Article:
When it comes to substance abuse recovery, inpatient residential treatment is an excellent option. While the inpatient stay itself does not involve intensive medical care, this type of program offers more comfortable accommodations and a more homelike environment. Patients are often there for an extended period of time, so the homelike environment is helpful in adjusting and focusing on recovery. Inpatient treatment is not for everyone, and it is important to understand the risks and benefits of inpatient treatment before deciding whether it is right for you.
Inpatient facilities are clinically set up and locked, limiting patients' access to the outside world. Unlike outpatient programs, inpatient facilities do not provide a cocoon-like environment where a person can stay unhindered for 24 hours. Inpatient facilities usually have group activities and exercise areas, but academics are not typically discussed until the patient is ready to leave the treatment program. Inpatient residential treatment centers are staffed with medical professionals to monitor and treat the patient. They should have a full team of licensed therapists, registered nurses, and medical staff trained in first aid. Some facilities also have a physician on call to address any emergencies.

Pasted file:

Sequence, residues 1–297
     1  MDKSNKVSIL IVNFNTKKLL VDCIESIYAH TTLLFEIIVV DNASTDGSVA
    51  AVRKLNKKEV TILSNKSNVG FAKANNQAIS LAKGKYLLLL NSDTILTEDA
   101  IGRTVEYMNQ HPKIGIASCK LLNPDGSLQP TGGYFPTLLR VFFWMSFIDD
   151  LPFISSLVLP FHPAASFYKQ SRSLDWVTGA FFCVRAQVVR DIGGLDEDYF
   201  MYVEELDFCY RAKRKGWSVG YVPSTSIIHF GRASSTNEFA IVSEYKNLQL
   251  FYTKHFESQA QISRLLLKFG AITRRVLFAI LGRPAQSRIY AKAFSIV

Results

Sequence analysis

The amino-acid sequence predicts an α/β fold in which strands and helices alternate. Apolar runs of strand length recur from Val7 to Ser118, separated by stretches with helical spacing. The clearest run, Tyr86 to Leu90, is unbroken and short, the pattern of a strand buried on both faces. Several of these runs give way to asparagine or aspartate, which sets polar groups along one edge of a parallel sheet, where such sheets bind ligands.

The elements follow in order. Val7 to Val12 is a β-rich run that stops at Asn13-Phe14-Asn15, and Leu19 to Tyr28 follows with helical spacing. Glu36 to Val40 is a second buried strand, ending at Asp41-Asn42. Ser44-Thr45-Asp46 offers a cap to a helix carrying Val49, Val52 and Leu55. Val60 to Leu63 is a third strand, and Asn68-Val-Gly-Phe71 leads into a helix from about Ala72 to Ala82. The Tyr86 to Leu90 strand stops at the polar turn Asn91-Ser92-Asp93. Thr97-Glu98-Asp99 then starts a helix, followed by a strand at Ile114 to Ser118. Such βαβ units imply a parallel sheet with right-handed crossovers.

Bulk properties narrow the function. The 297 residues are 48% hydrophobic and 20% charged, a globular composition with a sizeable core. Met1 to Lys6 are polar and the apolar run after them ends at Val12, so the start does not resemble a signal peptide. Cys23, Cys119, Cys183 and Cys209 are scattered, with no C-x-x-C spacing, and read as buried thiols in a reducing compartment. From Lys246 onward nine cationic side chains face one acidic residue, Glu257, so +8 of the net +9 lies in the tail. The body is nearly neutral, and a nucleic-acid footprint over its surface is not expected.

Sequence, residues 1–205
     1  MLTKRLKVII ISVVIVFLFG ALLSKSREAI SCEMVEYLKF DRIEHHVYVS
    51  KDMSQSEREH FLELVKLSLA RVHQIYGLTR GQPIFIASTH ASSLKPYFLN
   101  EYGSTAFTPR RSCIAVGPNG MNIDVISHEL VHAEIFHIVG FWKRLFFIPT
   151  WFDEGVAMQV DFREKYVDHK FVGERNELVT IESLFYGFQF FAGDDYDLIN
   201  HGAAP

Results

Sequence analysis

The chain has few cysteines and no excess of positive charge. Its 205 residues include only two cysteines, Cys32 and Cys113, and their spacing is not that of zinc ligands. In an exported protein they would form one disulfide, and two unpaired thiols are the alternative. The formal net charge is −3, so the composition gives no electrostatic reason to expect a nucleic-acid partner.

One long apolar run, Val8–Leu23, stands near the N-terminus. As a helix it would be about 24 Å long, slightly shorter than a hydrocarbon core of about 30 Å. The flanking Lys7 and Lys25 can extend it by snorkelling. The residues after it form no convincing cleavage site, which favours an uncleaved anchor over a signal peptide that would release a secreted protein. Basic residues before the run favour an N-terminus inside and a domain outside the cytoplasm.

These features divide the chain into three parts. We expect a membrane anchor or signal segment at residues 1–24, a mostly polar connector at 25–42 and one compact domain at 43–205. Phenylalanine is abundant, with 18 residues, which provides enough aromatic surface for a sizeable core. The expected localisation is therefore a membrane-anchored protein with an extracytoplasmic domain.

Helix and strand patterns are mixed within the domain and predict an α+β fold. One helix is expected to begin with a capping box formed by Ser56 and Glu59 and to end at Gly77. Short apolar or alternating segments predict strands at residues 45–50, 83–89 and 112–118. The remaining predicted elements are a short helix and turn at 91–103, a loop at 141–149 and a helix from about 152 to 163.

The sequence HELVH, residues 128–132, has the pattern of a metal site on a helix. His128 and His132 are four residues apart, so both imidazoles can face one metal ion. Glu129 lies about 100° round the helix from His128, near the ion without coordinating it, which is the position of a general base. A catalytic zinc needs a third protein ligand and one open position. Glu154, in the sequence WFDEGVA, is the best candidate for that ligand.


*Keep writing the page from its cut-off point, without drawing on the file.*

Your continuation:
One of the advantages of inpatient treatment is the ability to maintain a normal lifestyle. Most residential treatment centers have a strict schedule and require patients to wake up at a consistent time every day. They also provide structured meals and schedules, which can be beneficial for their recovery. Inpatient residential treatment is a great option if you need more intensive care for substance abuse. It will provide you with the structure and the social support you need to keep your head above water.